• Master of None. When we were out for a curry a few weeks ago, Alan talked about how he likes to watch comedy late in the evening, because it’s nice to go to sleep with a smile of your face. He recommended Master of None on Netflix, and it’s great.
  • House of Cards season 4. Abi and I watched the first three seasons last summer, and binged on season 4 almost as soon as it hit Netflix. The final shot of the last episode is like whoa O.O
  • Daredevil season 2. “Come for the Daredevil, stay for the Kingpin.” is what I said about the first season last year. For season two, it’s similar: come for the Daredevil, stay for Foggy and the Punisher. Anyone but Daredevil himself. Matt Murdoch is such a self-absorbed dick in this show. I have a worrying feeling that this is not deliberate, that the writers think they’re presenting a tortured soul rather than a bit of an asshole. We’ll see next season.
  • Arrow season 3 I enjoyed the wildly fluctuating alliances and breakneck pace of character development in the first two seasons, but season 3 is just a hot mess of people being awful to each other. What happened?
  • Criminal Minds season 9 is a show that I watched.
  • VideoGaiden season 4 The long-awaited return of a cult Scottish TV show about video games. Are Rab and Ryan really back, or are they stuck in a bizarre TV afterlife? I loved watching the old shows on late night TV, and these new episodes are great, too. Full of sometimes surreal and existential humour, and insightful musings about videogames.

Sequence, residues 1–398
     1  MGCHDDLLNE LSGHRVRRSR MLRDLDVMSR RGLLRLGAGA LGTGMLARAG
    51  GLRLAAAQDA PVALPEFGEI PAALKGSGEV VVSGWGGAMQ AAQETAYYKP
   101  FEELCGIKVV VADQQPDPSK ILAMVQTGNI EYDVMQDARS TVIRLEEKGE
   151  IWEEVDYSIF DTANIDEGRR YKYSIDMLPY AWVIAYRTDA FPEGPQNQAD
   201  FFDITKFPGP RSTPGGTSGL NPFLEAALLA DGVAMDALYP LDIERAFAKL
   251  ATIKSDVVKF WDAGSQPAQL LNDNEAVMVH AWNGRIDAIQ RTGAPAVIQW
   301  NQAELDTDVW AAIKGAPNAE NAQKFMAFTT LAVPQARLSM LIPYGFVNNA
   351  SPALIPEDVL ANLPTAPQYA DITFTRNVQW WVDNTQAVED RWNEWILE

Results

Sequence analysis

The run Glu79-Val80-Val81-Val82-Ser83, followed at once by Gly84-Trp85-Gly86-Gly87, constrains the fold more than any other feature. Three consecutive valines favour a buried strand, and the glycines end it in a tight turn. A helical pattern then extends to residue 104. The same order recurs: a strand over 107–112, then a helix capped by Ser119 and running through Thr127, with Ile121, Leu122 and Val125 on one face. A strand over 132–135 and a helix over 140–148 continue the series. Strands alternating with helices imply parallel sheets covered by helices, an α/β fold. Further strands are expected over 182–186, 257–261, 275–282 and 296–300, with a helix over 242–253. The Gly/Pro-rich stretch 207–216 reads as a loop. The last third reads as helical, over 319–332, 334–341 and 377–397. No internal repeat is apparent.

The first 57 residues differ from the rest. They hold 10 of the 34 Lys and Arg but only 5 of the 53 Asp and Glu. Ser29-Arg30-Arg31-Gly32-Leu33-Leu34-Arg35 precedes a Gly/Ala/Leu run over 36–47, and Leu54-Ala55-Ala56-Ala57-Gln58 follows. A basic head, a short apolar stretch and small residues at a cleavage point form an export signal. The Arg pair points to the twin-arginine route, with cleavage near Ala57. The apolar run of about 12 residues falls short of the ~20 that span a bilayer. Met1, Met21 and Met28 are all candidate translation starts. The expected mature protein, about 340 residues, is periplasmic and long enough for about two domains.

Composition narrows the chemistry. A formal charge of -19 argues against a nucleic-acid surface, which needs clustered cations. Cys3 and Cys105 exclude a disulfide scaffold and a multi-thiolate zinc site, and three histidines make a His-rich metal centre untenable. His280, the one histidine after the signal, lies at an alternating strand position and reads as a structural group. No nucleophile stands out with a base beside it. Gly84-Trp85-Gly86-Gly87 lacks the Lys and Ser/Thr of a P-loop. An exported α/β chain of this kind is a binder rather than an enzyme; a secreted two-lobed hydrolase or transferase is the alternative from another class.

65daysofstatic are making the music for the new videogame No Man’s Sky. Like the game, some of the the music will be procedurally generated, but they’re releasing two albums selected from it as well, Music for an Infinite Universe and Soundscapes. Due out on 17th June. They’ve put an early track up on Soundcloud already, and it’s delicious:

Third Coast Percussion have a new album of Steve Reich compositions. It’s not everyone’s cup of tea, but I adore this:

Intermittently listening to Little Black Book by Groove Armada, Junk by M83, and Hitch by The Joy Formidable. Ritual Spirit by Massive Attack is a short EP, with some striking songs. “Voodoo in my Blood” is one of them:

Finally, Johnson & McAuley is a collaboration between Alexz Johnson and Bleu McAuley. I’ve been a fan of Bleu since 2003, but I hadn’t come across Alexz Johnson before. This collaboration features just six tracks, but two of them are among the finest power pop songs I’ve come across in recent years: “The Secrets You Keep”, which features delightful criss-crossing vocals, and “No More Fear”, which is a throwback to a certain style of mid-eighties funk that gets under my skin in the best possible way. (Reminds me a lot of “I Won’t Feel Bad” by Simply Red.)

Melanie Martinez at Melkweg, Monday 2 May 2016